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This eBook from the Gutenberg Project consists of approximately 136 pages of information about Joe Strong the Boy Fire-Eater.

“All right,” was the reply of the chemist.  “But with the understanding that you do all the eating.  I haven’t any appetite that way myself.”

They both laughed, and then, for some hours, Joe Strong was closeted with the chemist.

When Joe emerged from the office of Mr. Waldon there was a look of satisfaction on the face of the young magician.

“I think I can make quite an act, after what you’ve told me,” he said.  “As soon as I get it perfected I’ll send you word and you can come to see me.”

“I will, if you aren’t too far away,” promised the chemist.

That night, following the closing of the performance, Joe invited Helen, Jim Tracy, and a few of his more intimate friends and associates into his private dressing tent.

“I have the nucleus of a new act,” he said, when they were seated in chairs before a small table, on which were several pieces of apparatus.  “Just give me your opinion of this.”

Joe lighted a candle, picked up on a fork what seemed to be a piece of bread, and touched it to the candle flame.  In an instant the object that was on the fork burst into a blaze, and, before the eyes of his friends, Joe calmly put the flaming portion into his mouth.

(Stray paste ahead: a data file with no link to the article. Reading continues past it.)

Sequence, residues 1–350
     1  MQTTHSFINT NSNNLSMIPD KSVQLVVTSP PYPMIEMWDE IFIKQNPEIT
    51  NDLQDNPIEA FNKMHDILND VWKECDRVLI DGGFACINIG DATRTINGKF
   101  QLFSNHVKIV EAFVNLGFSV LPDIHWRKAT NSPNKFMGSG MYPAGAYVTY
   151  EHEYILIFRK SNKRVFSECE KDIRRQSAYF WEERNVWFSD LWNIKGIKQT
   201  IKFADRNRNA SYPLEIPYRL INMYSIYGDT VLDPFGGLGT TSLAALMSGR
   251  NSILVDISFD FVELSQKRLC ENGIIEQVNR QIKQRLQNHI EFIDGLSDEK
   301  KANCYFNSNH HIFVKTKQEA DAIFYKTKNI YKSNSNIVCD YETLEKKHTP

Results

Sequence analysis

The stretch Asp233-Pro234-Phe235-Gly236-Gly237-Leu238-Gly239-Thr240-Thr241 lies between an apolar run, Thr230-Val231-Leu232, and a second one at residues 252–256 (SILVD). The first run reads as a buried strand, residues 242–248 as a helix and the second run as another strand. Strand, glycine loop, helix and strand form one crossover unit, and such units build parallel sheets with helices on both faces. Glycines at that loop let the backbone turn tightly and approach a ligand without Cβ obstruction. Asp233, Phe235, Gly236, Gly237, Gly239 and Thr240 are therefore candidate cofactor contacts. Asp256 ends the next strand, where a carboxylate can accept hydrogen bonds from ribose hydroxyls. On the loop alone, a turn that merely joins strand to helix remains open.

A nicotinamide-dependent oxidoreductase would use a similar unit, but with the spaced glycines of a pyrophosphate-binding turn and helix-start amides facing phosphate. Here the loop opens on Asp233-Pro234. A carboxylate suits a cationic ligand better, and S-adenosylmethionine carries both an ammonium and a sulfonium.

He closed his lips, seemed to be chewing something, opened his mouth, and showed it empty.

“A little light lunch!” he remarked, but his smile faded as Helen screamed in horror.

CHAPTER IX

THE CHEMIST’S LETTER

“Oh, Joe, you’ll surely burn yourself!” exclaimed the startled bareback rider.

“Did you get burned?” questioned Mrs. Watson.

“Some trick!” declared the snake charmer.

For the moment there was some excitement, for this was a new act for the circus people.

Helen soon recovered her customary composure, and then she explained the cause of her excitement and the startled cry she had given.  She had, of course, expected some trick with fire when Joe had summoned her and the others to his own private part of the dressing tents.  But she had not expected to see him actually put the blazing material in his mouth.

“I thought there was some sleight-of-hand performance about it,” she said.  “I had an idea that you only pretended to put the blazing stuff in your mouth, Joe.  And when I saw it I was afraid you’d breathe in the flames and—­and—­”

She did not need to go on, they all understood what she meant, for every one in the circus knew that Helen and Joe were engaged.

“I once saw a little boy burned at a bonfire at which he was playing,” went on Helen.  “He died.  Since then the sight of fire near a human being has always a bad effect on me.  But I suppose I can get over it, if I know there is no danger,” she said with a slight smile at Joe.

“Well, I can assure you there isn’t the slightest danger,” he declared.  “If there was, I should be the first to give it up.  I am as fond of living as any one.”

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